After losing two straight games in the final minutes of play, the Virginia men's soccer team rebounded with a decisive 2-0 win against an athletic Virginia Commonwealth squad Saturday night in Richmond at Sports Backers Stadium in front of a record 1,776 spectators.
The No. 19 Cavaliers employed a new offensive scheme, using just one forward instead of the typical two, and found success early, scoring against No. 8 VCU in the 22nd minute of play.
Midfielder Ryan Trout created space for fellow mid Drew O'Donnell by switching the ball at midfield and hitting O'Donnell streaking down the left side. After passing off to midfielder Steve Totten, Totten flicked it back to O'Donnell on a textbook give and go for the goal.
"I took off down the line, beat a man, and slid it into Totten, and he slid it back," O'Donnell said. "I saw the far post was open and I one-timed it in."
With the new one striker lineup, the Cavs (7-4-1, 1-2-1 ACC) were able to spring first-year forward Ryan Gibbs and utilize his speed to create scoring opportunities up front. The revamped Virginia offense proved successful as the Cavaliers outshot the Rams, 10-8.
Using only one forward also gave first-year midfielder Kyle Martino a greater role in the offense. Martino, sporting a new, more aerodynamic hairstyle courtesy of his roommate Gibbs, was asked to play as a withdrawn forward to compensate for the use of only one striker.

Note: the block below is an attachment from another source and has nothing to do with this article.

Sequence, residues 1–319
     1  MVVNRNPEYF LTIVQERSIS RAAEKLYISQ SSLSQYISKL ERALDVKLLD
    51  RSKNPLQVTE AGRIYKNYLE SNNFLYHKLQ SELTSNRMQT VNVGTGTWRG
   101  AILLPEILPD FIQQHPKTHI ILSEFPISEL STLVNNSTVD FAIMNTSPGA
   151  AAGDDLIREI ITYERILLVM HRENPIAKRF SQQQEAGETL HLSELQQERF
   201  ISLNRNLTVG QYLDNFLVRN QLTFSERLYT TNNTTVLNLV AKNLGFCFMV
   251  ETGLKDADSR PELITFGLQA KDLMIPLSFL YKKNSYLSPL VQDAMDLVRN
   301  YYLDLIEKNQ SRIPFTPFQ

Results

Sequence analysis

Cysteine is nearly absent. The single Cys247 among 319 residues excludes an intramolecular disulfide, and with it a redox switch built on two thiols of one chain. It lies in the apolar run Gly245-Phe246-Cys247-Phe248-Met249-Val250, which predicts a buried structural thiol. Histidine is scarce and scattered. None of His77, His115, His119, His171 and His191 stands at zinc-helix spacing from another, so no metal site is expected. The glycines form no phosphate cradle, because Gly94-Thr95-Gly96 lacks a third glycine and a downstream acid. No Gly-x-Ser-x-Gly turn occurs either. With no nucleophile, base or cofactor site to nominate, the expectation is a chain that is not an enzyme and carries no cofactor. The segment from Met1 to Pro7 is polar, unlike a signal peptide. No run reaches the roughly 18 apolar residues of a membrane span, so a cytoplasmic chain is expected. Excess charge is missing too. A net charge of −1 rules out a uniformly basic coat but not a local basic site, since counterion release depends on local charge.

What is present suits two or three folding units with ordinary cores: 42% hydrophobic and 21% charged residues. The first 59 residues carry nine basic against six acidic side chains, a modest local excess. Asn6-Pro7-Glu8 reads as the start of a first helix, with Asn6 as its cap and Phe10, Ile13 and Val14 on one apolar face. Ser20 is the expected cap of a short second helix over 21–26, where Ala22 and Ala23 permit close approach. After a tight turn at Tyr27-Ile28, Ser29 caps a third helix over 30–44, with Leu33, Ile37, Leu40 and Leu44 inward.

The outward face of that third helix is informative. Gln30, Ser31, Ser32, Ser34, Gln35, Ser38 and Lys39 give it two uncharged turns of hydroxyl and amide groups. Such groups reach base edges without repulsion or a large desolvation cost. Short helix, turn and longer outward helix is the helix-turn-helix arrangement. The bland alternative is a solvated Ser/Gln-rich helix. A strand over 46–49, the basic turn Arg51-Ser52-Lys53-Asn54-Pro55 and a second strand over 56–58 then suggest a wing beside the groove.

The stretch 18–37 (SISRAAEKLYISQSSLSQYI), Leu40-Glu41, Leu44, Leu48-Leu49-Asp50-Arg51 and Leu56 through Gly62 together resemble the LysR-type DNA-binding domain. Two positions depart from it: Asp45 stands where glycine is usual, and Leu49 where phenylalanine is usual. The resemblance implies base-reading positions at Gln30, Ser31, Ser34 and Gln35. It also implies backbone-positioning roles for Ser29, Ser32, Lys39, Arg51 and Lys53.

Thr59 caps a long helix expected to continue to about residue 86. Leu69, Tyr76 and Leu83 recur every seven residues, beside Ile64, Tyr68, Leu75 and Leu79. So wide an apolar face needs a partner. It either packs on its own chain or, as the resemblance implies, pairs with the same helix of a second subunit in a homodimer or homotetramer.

"The new lineup was very different from what we normally played," Gibbs said. "It allowed us to keep a lot of numbers around the ball."
Still, after facing tight coverage from Ram defenders throughout the game, "I'd be happy to go back to twin strikers, to take some of the pressure off and have someone to run with up front," Gibbs said.
The Cavs iced the win with a penalty kick by Totten in the 55th minute. The Rams (7-3-1) fouled Virginia forward Ryan Trout inside the 18-yd box after he dribbled through to the left corner of the goal. Totten followed with a penalty shot that was tipped by Ram goalkeeper Adam Mead and sent upper 90 for the second goal.
The physical play on both sides led to 33 foul calls, including 18 on the Cavaliers. The second half alone saw four yellow cards - three by Virginia and one by VCU.
"We've been fouled more than any team in the country these first seven games," Cav coach George Gelnovatch said. "Like any high level game in the world, people are competing [and] no team was going after the other."
The victory ended the Rams' nine-game home unbeaten streak that stretched back into the 1998 season. It also marked the Cavs' first road win of the season.
After falling out of the Soccer America college soccer poll last week for the first time in 177 poll weeks, this victory could shift the tide for the Cavs and put them back in the national spotlight.
"In every game we lost, we haven't been playing to our potential," said Trout, who returned to action after missing Wednesday's game after a death in his family. "We've known we're a good team, but we needed a win to prove it to ourselves."